Reader Question: Oil Burning Subaru

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Here’s the latest reader question, along with my reply!

Leo asks: My wife drives a 2013 Outback. We bought it slightly used with 13K in 2014. It now has 130K. Still a decent car  It has been burning oil since the get go. Uses 0W20 Synthetic so not cheap. I always check the cars every 2 weeks or so. Usually add a quart to the Subaru. 2 weeks ago I forgot to replace the oil cap.  My wife called me as she was going to work. “The light is still on.” I suggested she stop and look at the dip stick. She did. She found oil blowing out the top. My bad,  first time I have ever forgotten to replace the cap. She put a couple quarts in and forgave me for my lapse.  Now 2 weeks later it needs more oil. I googuhled it (probably should have done that sooner) and learned that there have been many oil burning issues with the Subaru.  A class action lawsuit with a settlement extending the warranty to 10 K, we are outside the extension with 130K. My question is: Should I get rid of the car now? We routinely put 200K on our vehicles.

My reply: It’s important (I think) to start out by stating that all engines consume oil to some degree; so the issue is whether there is abnormal oil consumption. Depending on who you ask, this will be defined as more than 1 quart every 3,000 miles.

For me, the deciding issue would be mechanical issues, such as low compression due to poor cylinder sealing and (or) valvetrain problems, etc. If it is just that the engine uses a bit more oil and needs to be topped off every so often… and I liked the car… I’d keep driving it and topping it off. Even at $10 per quart for high-end synthetic, that’s cheaper and easier than buying a new car.

At the same time, I would also keep abreast of the class-action situation and I would personally write a letter to Subaru, telling them how much you like the care but are concerned about the oil use…  you might be surprised by their reaction. There is a good chance you’ll hear from them – and a decent chance they will offer to do something to recover your trust (and business).

Please keep us posted!

. . .

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4 COMMENTS

  1. Eric, allow me to field this one for you. Leo, as owner/operator of my own auto repair shop, this is a very common occurrence for many of my own Subaru customers. Firstly 0W20 is the recommended oil weight for the engine as it came new, with no mileage. No owner’s manual, of any decade that I’m aware, ever makes mention of the fact that as mileage accrues, so does wear and tear in the motor. At 130K it would be wise to use a 10W30 weight oil, synthetic or otherwise, in warmer weather, and maybe 5W30 in the winter, depending on your home climate. In addition, most Subarus of this year generation have internal and external head gasket leaks at this mileage. If you desire to go 200k, or even 300k, which is very possible with these cars, you will need to have a shop with skilled mechanics (not someone working for cheap) remove the motor and have a reputable machine shop re-work the heads to correct the problem. You may end up spending $1800.00 to $2500.00 for this to be done properly, but it will give your motor another 150K, doubling your car’s life expectancy. This is providing the body and chassis are in decent condition and not rusting out from salt corrosion, etc. It may sound like a lot to spend, but can be a car-saver if done correctly. Do not fall for the common fast and dirty “head gasket only job” because that will solve no more than to rob you of your money for no improvement whatsoever. Invest wisely in the repairs of your Subaru, and 300k is easily attainable!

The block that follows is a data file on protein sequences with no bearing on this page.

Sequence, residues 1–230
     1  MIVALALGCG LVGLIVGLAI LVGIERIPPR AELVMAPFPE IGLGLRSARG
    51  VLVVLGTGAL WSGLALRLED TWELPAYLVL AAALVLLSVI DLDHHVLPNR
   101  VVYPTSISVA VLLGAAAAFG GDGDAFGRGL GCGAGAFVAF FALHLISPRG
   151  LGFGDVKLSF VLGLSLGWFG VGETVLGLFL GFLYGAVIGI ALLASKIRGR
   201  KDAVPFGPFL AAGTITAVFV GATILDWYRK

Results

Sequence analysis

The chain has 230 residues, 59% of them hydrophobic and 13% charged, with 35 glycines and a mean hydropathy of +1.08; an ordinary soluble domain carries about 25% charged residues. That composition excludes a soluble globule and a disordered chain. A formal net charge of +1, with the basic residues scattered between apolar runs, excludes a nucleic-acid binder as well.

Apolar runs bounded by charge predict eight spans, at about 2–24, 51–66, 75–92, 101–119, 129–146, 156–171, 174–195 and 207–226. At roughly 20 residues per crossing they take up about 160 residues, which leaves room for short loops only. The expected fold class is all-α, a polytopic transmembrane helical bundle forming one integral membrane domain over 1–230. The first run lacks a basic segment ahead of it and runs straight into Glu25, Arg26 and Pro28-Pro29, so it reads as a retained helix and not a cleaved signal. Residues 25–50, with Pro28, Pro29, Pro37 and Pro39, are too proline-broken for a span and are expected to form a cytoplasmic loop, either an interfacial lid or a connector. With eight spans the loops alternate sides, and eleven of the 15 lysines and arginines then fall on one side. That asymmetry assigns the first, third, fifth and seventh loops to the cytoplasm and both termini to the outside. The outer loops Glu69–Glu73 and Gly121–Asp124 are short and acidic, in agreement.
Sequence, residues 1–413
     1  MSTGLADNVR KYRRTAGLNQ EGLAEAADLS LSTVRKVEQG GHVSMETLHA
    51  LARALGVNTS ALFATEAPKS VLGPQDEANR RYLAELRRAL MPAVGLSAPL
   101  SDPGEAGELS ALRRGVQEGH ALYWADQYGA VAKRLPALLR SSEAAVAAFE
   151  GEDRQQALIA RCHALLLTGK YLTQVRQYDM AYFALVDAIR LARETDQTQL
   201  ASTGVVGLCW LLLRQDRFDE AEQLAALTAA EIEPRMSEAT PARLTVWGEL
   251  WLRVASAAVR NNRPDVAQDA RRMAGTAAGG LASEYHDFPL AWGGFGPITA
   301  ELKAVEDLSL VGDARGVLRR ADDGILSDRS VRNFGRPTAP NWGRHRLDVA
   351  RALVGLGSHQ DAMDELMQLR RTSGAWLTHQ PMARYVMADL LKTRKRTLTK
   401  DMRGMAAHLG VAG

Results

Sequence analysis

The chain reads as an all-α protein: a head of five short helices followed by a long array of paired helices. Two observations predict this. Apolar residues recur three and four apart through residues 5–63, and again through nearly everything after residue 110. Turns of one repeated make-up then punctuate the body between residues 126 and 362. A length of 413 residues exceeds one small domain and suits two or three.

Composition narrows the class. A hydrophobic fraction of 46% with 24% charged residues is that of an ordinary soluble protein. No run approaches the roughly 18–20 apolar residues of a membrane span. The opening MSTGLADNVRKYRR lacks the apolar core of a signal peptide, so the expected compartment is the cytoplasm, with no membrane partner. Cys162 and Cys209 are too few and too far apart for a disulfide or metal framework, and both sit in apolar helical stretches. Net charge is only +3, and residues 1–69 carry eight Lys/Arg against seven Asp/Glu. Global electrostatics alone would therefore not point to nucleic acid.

• Thanks, Graves!

      I agree, of course. Spending $2,500 to go through an engine and get another decade-plus of life out of an otherwise good car is eminently sensible…

    • Graves, I take it the heads and probably the block also, need to be decked, but it’s mainly the heads that warp over time. I know nothing about those particular engines but I do recall a couple friends having them run a bit warm,.

      Aluminum heads and iron blocks are prone to head gasket problems, moreso when they commonly run hot.

      I believe it’s the main reason you rarely see an older Japanese small pickup here in Texas when they were once replete.

      One of the worst things to happen to them was a/c and no significant increase of the cooling system.

      My Nissan required block repair and head decking when the gasket went and old hands with them just shook their heads and said BTDT.

      • Not aware than any block decking service was needed with any of my customers, but I sublet this job out to another shop with more hands and stronger backs. No comebacks or further issues, so far. I used to pull heads on the 1980’s Loyal series with the 2.2L,
        but they had more working space and did not require motor removal to do so, either.
        Even doing valve cover gaskets on the last generation is tight on work space now. I swear they intentionally make the work space impossibly tight so that repairs become overhauls instead.

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